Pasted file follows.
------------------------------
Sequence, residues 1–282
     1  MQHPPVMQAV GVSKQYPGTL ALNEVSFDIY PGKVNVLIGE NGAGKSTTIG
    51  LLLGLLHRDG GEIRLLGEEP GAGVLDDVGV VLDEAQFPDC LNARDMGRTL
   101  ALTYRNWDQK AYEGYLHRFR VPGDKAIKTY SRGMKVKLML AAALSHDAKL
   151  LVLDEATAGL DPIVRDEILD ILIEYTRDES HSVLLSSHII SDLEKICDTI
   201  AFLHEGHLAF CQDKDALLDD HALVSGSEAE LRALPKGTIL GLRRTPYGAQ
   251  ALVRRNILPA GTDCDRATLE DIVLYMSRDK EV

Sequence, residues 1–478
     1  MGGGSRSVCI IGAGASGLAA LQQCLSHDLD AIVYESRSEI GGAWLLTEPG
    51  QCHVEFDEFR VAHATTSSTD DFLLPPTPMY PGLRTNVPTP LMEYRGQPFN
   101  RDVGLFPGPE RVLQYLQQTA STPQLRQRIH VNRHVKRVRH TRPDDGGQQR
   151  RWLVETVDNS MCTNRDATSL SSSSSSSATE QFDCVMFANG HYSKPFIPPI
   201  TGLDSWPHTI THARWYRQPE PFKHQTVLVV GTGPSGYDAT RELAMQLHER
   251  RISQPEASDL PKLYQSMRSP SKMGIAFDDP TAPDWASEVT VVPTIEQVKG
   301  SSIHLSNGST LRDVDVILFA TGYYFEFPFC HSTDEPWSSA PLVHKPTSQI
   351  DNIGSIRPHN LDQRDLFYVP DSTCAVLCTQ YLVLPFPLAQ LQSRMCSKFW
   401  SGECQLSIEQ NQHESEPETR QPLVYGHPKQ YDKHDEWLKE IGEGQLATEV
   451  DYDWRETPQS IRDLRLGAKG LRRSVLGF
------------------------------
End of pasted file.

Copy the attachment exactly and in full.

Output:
Sequence, residues 1–282
     1  MQHPPVMQAV GVSKQYPGTL ALNEVSFDIY PGKVNVLIGE NGAGKSTTIG
    51  LLLGLLHRDG GEIRLLGEEP GAGVLDDVGV VLDEAQFPDC LNARDMGRTL
   101  ALTYRNWDQK AYEGYLHRFR VPGDKAIKTY SRGMKVKLML AAALSHDAKL
   151  LVLDEATAGL DPIVRDEILD ILIEYTRDES HSVLLSSHII SDLEKICDTI
   201  AFLHEGHLAF CQDKDALLDD HALVSGSEAE LRALPKGTIL GLRRTPYGAQ
   251  ALVRRNILPA GTDCDRATLE DIVLYMSRDK EV

Sequence, residues 1–478
     1  MGGGSRSVCI IGAGASGLAA LQQCLSHDLD AIVYESRSEI GGAWLLTEPG
    51  QCHVEFDEFR VAHATTSSTD DFLLPPTPMY PGLRTNVPTP LMEYRGQPFN
   101  RDVGLFPGPE RVLQYLQQTA STPQLRQRIH VNRHVKRVRH TRPDDGGQQR
   151  RWLVETVDNS MCTNRDATSL SSSSSSSATE QFDCVMFANG HYSKPFIPPI
   201  TGLDSWPHTI THARWYRQPE PFKHQTVLVV GTGPSGYDAT RELAMQLHER
   251  RISQPEASDL PKLYQSMRSP SKMGIAFDDP TAPDWASEVT VVPTIEQVKG
   301  SSIHLSNGST LRDVDVILFA TGYYFEFPFC HSTDEPWSSA PLVHKPTSQI
   351  DNIGSIRPHN LDQRDLFYVP DSTCAVLCTQ YLVLPFPLAQ LQSRMCSKFW
   401  SGECQLSIEQ NQHESEPETR QPLVYGHPKQ YDKHDEWLKE IGEGQLATEV
   451  DYDWRETPQS IRDLRLGAKG LRRSVLGF